While Algeria had remained one of the “most secular nations of the Arab world” (Dickovick, 31), this secularism was challenged after the successful Iranian Islamic revolution of 1979. Islamic fundamentalism began to threaten the Front de Liberation Nationale party at a time when the nation and the government were unstable and in significant debt. The Islamic Salvation Front (ISF) party registered in 1989 and quickly gained the majority of seats in government (Dickovick, 31). In only three more years, the military had declared a state of emergency, the ISF had disbanded, and its leader was assassinated. This led Algeria into a civil war between the Islamic parties and the government. In the 1997 elections under the new government, tensions escalated. These tensions have persisted up to the present, with the addition of terrorist campaigns starting in the early 2000.s (Dickovick, 33).
All of the tensions between the Islamic parties and the state throughout this time had major effects on Muslim women and their rights, and many of these effects persist today. One example is the family code, which “treats women as minors under the legal guardianship of a husband or male relative”, though laws restricting women weren’t always enforced (U.S. Department of State). Another example is that Muslim women are not allowed to marry outside the religion, whereas Muslim men can, although this is not strictly enforced either (U.S. Department of State). A woman’s gaze is considered sexual in Islamic culture. During colonization, the French tried to prevent women from wearing veils in public, but most of them resisted and ended up becoming opposition fighters (Best, 874). Finally, in Islamic culture, “It is a serious sin to run away from a jihad or a holy war” which was partly the cause for the persistent violence and resistance from some of the Islamic parties during the Algerian Civil War (Voices From the Continent, 33).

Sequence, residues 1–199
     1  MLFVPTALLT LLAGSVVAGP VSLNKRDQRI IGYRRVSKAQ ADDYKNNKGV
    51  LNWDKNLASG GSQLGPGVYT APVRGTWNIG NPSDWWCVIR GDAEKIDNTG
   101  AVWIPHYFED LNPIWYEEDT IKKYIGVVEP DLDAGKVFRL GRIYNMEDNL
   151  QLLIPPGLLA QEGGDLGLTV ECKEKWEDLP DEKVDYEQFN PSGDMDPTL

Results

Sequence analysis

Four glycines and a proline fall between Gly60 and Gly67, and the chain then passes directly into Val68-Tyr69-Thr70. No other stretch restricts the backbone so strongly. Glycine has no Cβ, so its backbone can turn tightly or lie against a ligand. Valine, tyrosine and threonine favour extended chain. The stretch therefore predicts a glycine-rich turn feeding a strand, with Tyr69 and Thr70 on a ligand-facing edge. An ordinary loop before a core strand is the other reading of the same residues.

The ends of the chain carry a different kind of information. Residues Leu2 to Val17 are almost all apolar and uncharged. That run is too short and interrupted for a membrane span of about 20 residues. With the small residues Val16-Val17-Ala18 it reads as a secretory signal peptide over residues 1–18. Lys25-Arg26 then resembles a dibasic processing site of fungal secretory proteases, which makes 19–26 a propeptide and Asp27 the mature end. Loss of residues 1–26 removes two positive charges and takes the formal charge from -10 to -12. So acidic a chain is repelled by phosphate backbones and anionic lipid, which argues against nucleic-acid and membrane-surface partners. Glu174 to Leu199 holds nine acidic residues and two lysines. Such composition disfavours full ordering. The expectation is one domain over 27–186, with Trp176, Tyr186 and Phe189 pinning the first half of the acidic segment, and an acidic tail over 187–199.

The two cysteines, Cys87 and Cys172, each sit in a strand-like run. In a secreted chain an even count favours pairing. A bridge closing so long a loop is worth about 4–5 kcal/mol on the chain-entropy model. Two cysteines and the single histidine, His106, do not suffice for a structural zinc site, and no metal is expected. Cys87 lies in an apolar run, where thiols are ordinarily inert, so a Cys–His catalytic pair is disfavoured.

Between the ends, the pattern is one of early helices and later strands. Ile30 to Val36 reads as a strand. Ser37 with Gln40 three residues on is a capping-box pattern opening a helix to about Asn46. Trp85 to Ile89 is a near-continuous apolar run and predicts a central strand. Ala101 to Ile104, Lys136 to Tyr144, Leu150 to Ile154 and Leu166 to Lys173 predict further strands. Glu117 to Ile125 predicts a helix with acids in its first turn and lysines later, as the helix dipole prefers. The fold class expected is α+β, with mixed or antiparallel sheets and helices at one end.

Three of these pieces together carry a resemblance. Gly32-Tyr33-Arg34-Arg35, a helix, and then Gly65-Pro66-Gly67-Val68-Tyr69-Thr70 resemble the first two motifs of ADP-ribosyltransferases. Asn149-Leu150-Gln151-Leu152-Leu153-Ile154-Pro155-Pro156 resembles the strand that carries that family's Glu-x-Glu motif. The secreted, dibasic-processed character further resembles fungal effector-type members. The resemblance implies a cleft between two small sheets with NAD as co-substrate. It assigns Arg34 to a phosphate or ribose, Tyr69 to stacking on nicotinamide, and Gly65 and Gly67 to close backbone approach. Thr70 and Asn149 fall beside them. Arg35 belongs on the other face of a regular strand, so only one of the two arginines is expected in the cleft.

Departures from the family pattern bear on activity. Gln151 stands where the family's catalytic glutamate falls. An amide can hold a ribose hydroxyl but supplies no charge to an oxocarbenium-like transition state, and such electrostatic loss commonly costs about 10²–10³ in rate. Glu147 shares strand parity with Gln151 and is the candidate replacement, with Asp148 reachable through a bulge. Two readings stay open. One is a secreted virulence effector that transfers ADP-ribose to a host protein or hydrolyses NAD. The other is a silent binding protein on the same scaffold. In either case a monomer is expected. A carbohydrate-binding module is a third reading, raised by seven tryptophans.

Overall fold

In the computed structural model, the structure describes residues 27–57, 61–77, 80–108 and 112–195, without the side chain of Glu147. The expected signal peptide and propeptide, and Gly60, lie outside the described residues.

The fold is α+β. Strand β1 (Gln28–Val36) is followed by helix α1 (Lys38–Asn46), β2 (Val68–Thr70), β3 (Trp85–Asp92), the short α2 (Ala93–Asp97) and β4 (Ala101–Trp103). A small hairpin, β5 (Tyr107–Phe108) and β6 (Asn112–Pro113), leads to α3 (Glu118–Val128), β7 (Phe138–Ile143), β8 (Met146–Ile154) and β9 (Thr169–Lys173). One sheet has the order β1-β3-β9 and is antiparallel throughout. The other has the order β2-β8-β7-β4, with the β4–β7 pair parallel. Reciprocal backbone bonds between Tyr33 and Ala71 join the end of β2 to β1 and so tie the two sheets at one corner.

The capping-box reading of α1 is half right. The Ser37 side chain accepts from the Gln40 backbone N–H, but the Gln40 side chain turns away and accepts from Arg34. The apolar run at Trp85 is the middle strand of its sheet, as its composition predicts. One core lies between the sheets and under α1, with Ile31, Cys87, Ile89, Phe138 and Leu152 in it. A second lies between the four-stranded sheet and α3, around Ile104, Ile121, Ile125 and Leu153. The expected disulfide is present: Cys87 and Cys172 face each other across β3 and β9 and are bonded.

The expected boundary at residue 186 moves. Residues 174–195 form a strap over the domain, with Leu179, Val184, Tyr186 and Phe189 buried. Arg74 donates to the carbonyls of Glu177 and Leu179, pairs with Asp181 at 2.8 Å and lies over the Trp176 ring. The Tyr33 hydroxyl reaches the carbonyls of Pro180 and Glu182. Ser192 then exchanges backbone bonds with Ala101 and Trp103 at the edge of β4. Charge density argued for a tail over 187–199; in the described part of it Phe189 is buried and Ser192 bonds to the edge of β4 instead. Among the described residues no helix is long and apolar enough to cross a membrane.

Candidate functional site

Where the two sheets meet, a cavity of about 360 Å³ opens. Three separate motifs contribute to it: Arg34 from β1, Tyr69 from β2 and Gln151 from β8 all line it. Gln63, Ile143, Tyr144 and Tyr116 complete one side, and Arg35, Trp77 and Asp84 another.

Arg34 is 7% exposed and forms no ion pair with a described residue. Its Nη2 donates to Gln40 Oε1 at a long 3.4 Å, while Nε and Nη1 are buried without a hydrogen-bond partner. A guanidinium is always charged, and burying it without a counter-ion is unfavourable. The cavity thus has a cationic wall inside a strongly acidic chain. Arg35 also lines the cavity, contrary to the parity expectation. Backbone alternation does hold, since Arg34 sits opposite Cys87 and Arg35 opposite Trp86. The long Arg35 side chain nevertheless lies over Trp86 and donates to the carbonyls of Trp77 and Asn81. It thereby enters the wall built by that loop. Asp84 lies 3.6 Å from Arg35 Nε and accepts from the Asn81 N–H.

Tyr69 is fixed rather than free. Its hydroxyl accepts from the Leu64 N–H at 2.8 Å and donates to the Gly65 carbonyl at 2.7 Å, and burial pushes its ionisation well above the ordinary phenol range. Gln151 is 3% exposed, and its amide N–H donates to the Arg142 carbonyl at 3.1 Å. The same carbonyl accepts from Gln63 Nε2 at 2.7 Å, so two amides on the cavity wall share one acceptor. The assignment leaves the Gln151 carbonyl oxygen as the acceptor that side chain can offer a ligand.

Djebar personally experienced many of the oppressive laws and they very much influenced her work. The destruction and devastation in the war of independence and the aftermath affected her work as well. At some point between colonialism and imperialism, Third World women and Ottoman women in particular were turned into “the book prisoners of tradition and modernization” (Assia Djebar – interview en 1990). They were not allowed to tell their stories or be recognized as female writers. By the time Djebar was writing, norms were changing, however the majority of women were still marginalized in the world of writing and publishing.
Writings and Resistance
Assia Djebar had an impressive career, not only in overcoming the social and political challenges of her day, but using them as a basis for her work. She has been widely recognized for her works, and won many awards. According to O’Brien and Schatteman: